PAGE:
Many Rural Areas In the Mountain West Avoided COVID-19's First Wave. Are They Ready For A Second?
Nearly half of all counties in the Mountain West have largely been spared from COVID-19, according to recent data from the nonprofit organization USAFacts. Many of these communities weren't untouched, but all have had fewer than five confirmed cases of the virus.
They include a vast expanse of rural, eastern Montana as well as some tourist destinations, including Sandpoint, Idaho, and Moab, Utah.
Christine Porter, a public health professor at the University of Wyoming, chalks the current outcome up to a combination of luck and a relatively quick embrace of social distancing and stay-at-home orders.
"Unlike the East and West coasts, we were able to implement public health measures before the spread," she says. "That stopped it from spreading exponentially."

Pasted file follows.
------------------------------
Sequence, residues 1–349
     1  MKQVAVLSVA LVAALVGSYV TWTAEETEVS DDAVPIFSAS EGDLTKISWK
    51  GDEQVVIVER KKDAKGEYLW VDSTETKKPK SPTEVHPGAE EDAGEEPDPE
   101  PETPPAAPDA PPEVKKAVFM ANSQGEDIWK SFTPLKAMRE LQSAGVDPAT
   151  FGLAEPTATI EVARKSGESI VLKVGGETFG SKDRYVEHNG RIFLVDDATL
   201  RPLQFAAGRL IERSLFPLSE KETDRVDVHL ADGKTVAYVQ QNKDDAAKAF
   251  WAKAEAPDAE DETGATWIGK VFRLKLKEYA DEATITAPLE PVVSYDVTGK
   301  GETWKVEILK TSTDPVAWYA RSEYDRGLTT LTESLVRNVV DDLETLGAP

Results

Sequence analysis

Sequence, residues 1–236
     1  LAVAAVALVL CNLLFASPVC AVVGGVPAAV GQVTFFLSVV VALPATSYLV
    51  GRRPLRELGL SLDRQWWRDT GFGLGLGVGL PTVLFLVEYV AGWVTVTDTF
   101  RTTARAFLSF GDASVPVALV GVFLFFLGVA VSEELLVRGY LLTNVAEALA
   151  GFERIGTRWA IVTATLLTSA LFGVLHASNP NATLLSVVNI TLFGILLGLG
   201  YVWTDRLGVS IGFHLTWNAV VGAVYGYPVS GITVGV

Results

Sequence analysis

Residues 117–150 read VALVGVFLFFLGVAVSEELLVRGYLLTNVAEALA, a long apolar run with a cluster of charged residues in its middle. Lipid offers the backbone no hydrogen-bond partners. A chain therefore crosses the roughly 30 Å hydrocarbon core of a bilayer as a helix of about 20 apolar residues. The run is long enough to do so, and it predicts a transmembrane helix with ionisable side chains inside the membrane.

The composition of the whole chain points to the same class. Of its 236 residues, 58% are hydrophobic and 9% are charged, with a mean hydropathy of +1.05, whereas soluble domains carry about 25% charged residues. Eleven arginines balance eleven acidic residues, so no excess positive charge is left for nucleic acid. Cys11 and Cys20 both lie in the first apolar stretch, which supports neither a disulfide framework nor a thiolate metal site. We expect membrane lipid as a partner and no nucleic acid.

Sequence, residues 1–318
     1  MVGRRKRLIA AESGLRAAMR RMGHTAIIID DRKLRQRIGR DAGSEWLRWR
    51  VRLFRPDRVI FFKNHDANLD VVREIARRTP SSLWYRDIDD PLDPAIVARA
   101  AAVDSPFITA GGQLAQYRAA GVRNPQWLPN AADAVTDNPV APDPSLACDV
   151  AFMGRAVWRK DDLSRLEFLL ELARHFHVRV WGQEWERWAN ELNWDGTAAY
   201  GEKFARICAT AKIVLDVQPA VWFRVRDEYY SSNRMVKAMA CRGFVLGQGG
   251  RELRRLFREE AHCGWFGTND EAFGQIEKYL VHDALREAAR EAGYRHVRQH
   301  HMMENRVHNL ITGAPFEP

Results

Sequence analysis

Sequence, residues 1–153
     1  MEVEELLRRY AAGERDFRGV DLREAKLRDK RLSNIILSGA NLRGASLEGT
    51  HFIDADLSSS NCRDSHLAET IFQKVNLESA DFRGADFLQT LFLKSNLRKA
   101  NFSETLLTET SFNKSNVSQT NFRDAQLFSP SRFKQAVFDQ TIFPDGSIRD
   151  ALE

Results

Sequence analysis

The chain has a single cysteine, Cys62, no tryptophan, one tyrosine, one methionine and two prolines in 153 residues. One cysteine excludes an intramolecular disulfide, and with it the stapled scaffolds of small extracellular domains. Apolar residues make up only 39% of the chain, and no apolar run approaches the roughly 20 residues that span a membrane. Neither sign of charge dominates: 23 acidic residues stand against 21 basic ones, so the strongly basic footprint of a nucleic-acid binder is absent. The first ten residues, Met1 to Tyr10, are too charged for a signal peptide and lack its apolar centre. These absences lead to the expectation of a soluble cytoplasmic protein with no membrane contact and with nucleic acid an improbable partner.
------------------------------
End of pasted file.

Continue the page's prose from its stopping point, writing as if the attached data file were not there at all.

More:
However, Porter warns that the phased reopening of many states in the region could lead to a second wave of infections. That's because, for the most part, the Mountain West hasn't implemented extensive and comprehensive testing and tracing to isolate cases. It also needs to ramp up wide-scale monitoring.
Testing a community's sewage and using phone applications that file and track COVID-19 symptoms is the cheapest way to find out whether a hotspot is beginning to emerge in a city or county, according to Porter.
"Without that, we're just going to go right back into the fire," she says.
While more than 100 counties in the region have largely been uninfected by the virus, Porter says that doesn't guarantee they'll remain spared from any subsequent waves.
This story was produced by the Mountain West News Bureau, a collaboration between Wyoming Public Media, Boise State Public Radio in Idaho, KUNR in Nevada, the O'Connor Center for the Rocky Mountain West in Montana, KUNC in Colorado, KUNM in New Mexico, with support from affiliate stations across the region. Funding for the Mountain West News Bureau is provided in part by the Corporation for Public Broadcasting.
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